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During his recent visit to Lithuania, Israeli Prime Minister Benjamin Netanyahu laid a wreath at a memorial to 70,000 Jews massacred by the Nazis and their collaborators. This tiny corner of the former Soviet Union holds a particular significance for Netanyahu: He has family roots in Lithuania. It made sense that he would pick the country, a staunch ally of Israel, as the site of a Baltic summit that also included the leaders of Estonia and Latvia.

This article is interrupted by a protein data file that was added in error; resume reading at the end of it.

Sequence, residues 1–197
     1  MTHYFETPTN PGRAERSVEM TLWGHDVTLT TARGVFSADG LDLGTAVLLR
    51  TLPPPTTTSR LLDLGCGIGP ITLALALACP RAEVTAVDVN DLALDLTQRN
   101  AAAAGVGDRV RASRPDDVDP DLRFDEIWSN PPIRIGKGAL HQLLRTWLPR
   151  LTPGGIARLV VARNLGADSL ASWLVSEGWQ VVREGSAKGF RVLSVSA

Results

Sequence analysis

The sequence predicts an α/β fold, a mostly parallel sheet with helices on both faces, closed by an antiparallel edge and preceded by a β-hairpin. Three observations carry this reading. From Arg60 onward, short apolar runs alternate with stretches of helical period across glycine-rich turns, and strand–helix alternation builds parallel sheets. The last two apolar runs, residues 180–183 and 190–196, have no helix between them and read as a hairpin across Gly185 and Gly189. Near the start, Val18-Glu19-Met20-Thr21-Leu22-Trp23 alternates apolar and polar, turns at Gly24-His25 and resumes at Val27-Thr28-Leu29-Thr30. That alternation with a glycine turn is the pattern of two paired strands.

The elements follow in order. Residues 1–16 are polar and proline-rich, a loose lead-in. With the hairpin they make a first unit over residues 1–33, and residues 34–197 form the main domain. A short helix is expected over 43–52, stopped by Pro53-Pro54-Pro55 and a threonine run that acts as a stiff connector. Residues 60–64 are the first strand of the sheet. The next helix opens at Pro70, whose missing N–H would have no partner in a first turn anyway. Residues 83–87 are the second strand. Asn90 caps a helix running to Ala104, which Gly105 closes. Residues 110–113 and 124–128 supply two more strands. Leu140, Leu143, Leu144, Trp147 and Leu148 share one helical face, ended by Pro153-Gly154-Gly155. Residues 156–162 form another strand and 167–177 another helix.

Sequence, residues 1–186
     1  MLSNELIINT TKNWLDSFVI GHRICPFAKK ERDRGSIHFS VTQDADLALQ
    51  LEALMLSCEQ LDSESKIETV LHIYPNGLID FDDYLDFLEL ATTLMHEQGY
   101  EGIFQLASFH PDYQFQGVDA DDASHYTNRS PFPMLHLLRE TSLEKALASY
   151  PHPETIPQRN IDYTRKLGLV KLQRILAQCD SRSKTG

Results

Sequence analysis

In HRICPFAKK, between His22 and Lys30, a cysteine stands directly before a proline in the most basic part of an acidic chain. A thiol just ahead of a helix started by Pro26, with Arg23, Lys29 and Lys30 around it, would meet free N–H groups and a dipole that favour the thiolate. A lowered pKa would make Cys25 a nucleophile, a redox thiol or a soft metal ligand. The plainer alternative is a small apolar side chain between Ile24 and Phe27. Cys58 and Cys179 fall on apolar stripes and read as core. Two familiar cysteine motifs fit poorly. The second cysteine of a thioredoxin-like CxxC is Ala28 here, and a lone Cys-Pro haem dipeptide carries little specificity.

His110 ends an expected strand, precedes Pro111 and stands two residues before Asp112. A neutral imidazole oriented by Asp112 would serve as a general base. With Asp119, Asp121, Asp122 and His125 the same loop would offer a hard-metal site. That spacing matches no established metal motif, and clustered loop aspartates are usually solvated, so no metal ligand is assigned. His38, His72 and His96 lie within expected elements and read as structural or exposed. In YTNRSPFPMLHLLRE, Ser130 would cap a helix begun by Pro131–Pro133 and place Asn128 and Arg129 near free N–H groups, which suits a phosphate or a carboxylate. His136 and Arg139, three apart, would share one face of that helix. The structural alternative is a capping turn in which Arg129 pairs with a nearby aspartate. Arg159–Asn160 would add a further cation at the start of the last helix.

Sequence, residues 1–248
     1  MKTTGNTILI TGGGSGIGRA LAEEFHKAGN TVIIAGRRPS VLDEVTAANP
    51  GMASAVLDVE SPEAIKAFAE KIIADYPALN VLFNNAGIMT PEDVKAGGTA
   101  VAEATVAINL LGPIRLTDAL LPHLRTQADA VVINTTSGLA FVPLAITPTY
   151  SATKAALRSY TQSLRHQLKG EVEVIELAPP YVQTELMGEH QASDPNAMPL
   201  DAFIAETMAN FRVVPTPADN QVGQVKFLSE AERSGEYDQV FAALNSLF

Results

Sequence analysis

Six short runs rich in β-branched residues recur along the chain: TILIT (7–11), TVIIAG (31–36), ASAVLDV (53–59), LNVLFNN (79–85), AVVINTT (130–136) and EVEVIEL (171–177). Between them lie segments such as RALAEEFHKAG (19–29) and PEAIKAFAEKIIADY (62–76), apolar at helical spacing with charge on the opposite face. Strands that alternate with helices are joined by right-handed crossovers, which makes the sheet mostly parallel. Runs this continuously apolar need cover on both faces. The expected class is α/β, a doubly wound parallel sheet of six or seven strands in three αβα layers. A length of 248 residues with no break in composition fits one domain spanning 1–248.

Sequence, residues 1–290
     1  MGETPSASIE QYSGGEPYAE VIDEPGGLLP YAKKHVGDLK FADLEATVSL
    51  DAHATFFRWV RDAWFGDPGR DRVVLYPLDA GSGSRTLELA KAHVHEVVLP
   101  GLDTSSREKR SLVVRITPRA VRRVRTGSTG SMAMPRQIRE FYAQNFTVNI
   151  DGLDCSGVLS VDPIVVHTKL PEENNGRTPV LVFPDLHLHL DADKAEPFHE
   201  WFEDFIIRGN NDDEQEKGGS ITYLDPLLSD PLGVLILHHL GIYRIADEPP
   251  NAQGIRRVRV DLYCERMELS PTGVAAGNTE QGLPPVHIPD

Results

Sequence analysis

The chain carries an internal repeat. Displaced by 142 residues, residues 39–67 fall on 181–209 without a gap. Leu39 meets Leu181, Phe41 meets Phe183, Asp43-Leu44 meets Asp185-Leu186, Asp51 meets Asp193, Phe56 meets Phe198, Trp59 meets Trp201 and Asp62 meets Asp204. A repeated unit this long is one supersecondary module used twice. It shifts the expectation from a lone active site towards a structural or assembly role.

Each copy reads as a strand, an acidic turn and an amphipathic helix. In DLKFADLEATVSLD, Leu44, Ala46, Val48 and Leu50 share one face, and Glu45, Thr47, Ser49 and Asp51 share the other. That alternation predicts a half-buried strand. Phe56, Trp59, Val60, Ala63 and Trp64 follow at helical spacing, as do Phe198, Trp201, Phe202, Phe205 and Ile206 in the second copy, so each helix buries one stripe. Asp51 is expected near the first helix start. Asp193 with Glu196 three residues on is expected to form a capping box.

Yet his presence in the former East bloc is more a reflection of a shifting political world than a tribute to the past. Netanyahu has been busy building ties with a region increasingly at odds with the European mainstream. With anti-Semitism on the march in Poland and Hungary, it might look like an unlikely alliance. But the axis of nationalist dissent that’s split Europe over support for Donald Trump’s presidency, taking in Muslim refugees, and negotiating with Iran presents an opportunity for him. “Israel’s interest is to break up European unity on Israel-related issues,” says Michael Oren, a former Israeli ambassador to the U.S. and a deputy minister in Netanyahu’s office. “To me, the less united Europe is, the better. I’m optimistic about that. A united Europe hasn’t been a blessing for this country…”
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